If Atlanta really wants to add an arm with significant current and future value, it will likely need to consider parting with one of its quality corner outfielders. Both Jason Heyward and Justin Upton are entering their final year of control, but are young enough that an acquiring team could place significant value on exclusive rights to negotiate an extension. Of course, that pair accounted for a significant piece of the club’s production last year, so the return would have to be substantial. As others have suggested, it could make sense to explore a long-term deal with one or both while also gauging trade interest in a bid to address other areas of need and possibly add a player with more control. Extending one while dealing the other makes some sense, though the ability to pull off that feat will depend upon other actors (the players and prospective trade partners). One interesting possibility noted by MLBTR’s Tim Dierkes would be a swap with the Reds involving Heyward and Johnny Cueto; if both clubs cannot find something else to their liking, such a move might better align with their respective needs in 2015.
Of course, unlike the catching situation, there is no obvious corner outfielder ready to step into a regular role. Among the team’s near-MLB prospects, the best of whom are mostly pitchers, Todd Cunningham is a possibility to take over a slot. But while the 25-year-old improved upon his first go at Triple-A, and is said to be a good defender capable of playing center, he managed only a .287/.347/.406 line with 8 home runs and 19 steals last year at Gwinnett. Other possibilities include a trade of a pitching prospect for an affordable, younger outfielder, a dip into a free agent market that includes names like Norichika Aoki and Alex Rios, or a combination of the above in search of a productive platoon.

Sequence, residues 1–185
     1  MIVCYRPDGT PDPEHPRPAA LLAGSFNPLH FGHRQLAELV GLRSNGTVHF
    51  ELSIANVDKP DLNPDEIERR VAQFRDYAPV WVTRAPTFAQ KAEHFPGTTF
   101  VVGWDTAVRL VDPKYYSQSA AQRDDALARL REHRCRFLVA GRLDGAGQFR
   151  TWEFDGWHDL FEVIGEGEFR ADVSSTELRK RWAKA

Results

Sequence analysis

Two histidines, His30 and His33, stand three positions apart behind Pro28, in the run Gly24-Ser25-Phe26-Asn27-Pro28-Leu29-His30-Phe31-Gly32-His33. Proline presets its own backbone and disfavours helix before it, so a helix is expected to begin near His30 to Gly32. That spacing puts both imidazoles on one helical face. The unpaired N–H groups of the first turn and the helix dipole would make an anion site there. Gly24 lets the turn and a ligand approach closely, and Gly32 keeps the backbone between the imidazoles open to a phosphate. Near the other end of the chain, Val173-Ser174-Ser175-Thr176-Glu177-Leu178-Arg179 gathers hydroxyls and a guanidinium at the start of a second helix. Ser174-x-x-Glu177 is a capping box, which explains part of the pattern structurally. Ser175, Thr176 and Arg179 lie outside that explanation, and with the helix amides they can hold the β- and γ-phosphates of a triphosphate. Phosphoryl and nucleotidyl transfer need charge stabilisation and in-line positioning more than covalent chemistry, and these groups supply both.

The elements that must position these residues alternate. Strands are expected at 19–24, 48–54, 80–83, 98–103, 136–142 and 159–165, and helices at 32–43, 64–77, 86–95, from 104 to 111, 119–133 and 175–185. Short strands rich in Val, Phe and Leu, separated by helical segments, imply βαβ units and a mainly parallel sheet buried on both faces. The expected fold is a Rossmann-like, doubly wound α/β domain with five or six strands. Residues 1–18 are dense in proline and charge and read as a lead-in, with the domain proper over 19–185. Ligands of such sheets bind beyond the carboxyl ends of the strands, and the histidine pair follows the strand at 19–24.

Then, there is the fact that the team already has questions in center, where a struggling and expensive B.J. Upton looks nearly immovable. Last we heard, the Braves and Cubs intended to revisit the possibility of a bad-contract swap also involving Edwin Jackson. Otherwise, unless someone like Cunningham delivers a big spring, Atlanta could be forced to put Upton back in the lineup and hope for a turnaround.